Advocates for domestic violence victims applaud a federal appeals court ruling which could restrict access to guns for domestic violence offenders. The 7th U.S. Circuit Court of Appeals has affirmed the constitutionality of a federal law prohibiting people with domestic violence convictions from owning firearms. Opponents argued U.S. Supreme Court decisions on local gun laws in Chicago and Washington D.C. rendered such restrictions unconstitutional, but Tony Gibart with the Wisconsin Coalition Against Domestic Violence said that’s not the case. “What the 7th Circuit said is that the Supreme Court indicated that laws that restrict . . . felons from possessing guns are presumptively constitutional,” said Gibart. “The 7th Circuit abided by that Supreme Court language and upheld the gun restriction.”
Judge Dianne Sykes wrote a dissent in the case – but the other fifteen judges opposed her. “We’re very glad that they did that, because the opinion of Judge Sykes would have made the enforcement more difficult,” said Gibart. The case originated in Rock County, where Steven Skoin had appealed a prison sentence for violating the terms of his probation on a domestic violence conviction, because he had a hunting rifle. An appeal to the U.S. Supreme Court may be likely. “Mr. Skoin is a repeat batterer, someone who – although he was clearly told that he was not allowed to have a gun – had a gun only a year into his probation for a domestic violence offense,” Gibart noted. “So I don’t think the Supreme Court would look favorably upon an appeal.”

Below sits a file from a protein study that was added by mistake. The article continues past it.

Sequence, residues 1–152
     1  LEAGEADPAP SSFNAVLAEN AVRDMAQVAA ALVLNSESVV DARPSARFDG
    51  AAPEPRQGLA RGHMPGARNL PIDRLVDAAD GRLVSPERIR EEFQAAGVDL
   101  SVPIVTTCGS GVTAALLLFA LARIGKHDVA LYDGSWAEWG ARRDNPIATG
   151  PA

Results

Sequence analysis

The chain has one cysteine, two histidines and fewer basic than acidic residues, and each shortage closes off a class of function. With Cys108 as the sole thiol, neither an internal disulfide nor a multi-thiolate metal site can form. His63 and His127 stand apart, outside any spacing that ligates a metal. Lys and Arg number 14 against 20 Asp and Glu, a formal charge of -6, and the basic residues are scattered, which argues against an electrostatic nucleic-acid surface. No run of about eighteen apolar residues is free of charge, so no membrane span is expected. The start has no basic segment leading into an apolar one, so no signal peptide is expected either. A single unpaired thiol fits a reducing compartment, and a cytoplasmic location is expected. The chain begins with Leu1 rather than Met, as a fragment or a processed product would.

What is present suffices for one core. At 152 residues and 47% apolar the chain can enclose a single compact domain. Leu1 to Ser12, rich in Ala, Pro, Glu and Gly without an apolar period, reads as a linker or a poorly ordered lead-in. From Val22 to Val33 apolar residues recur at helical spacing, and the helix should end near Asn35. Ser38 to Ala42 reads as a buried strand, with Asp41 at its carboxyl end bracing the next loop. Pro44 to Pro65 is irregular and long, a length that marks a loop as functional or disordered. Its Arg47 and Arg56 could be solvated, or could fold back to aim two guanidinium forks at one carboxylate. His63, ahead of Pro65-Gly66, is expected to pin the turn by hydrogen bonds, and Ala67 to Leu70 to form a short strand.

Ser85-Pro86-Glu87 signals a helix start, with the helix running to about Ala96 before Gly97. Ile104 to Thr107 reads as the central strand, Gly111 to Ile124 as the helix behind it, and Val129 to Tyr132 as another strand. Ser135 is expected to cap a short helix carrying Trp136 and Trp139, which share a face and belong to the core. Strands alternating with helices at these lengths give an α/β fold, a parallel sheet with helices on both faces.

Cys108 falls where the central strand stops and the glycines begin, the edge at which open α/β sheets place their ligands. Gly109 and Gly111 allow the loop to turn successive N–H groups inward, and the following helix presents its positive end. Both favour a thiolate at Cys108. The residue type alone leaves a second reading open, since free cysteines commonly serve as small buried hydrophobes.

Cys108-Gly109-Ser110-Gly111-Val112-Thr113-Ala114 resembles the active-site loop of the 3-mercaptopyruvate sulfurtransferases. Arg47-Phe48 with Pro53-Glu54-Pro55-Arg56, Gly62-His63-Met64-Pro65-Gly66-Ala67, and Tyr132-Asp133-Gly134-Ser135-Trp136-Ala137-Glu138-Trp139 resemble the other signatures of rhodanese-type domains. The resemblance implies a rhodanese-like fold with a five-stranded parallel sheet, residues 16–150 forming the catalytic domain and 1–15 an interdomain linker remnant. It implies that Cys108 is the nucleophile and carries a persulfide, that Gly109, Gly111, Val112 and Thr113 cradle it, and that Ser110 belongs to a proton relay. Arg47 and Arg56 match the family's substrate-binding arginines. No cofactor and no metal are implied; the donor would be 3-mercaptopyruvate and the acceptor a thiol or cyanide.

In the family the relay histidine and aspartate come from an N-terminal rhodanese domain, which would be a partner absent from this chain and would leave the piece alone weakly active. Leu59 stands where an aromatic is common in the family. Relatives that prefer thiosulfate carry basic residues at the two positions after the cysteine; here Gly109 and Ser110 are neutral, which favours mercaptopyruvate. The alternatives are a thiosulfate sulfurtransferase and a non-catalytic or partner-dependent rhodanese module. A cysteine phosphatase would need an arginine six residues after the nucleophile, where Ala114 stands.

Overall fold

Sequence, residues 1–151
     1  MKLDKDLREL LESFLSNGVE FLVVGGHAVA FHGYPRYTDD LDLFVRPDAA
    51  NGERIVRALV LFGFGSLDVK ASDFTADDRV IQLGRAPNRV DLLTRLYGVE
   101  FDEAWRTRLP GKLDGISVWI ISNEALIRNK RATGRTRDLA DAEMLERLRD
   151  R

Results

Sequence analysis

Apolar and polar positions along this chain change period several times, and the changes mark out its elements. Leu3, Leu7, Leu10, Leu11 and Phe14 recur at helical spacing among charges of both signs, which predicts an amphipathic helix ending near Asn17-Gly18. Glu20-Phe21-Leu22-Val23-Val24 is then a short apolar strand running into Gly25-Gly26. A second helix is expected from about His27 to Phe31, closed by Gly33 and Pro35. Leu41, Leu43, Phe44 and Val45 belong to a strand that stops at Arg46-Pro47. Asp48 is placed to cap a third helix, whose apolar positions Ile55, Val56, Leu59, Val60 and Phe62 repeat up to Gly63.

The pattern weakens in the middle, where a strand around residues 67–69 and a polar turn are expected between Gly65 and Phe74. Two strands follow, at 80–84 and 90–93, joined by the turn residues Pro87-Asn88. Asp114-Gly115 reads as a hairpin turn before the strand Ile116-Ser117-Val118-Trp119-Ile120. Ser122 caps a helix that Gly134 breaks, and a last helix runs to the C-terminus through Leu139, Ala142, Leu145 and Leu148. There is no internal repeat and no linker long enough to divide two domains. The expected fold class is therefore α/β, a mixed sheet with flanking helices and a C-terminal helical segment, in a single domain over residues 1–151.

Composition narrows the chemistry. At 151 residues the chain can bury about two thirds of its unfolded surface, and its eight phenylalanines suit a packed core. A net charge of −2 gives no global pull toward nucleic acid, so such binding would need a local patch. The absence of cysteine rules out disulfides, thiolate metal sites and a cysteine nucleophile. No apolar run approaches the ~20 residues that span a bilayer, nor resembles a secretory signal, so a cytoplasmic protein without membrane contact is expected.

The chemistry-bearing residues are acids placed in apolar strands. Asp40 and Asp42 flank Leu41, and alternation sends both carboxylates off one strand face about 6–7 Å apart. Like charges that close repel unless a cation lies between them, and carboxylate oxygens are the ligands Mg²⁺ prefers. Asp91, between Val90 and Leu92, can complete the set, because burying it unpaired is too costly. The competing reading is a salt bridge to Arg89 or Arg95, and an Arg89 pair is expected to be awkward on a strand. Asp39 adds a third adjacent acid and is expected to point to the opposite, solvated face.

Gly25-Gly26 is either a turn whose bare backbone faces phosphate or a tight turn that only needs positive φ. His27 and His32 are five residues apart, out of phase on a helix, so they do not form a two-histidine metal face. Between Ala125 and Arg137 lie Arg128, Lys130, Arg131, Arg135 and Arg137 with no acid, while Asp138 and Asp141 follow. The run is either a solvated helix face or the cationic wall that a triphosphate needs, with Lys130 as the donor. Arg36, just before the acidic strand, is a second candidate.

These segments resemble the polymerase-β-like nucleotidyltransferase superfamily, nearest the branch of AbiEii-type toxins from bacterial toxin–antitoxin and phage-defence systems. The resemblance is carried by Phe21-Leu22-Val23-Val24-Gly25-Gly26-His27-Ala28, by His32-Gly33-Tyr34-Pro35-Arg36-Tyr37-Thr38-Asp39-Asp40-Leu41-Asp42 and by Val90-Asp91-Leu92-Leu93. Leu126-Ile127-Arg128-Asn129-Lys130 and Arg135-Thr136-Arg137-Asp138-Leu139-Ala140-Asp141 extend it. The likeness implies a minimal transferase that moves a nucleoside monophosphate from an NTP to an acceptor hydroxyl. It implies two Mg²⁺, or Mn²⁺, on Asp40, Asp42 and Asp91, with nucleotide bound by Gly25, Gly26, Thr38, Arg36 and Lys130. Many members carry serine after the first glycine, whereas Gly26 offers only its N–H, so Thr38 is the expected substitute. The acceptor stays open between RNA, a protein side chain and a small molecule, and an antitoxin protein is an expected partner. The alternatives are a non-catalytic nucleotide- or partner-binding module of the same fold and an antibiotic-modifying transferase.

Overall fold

Skoien was convicted of misdemeanor domestic violence in 2006 and sentenced to probation. Probation agents later learned Skoien had gotten a gun deer license and found a shotgun in his pickup. Skoien entered a conditional guilty plea, was sentenced to two years in prison and appealed. The full sixteen judge 7th Circuit reversed a decision made by a three judge panel last November.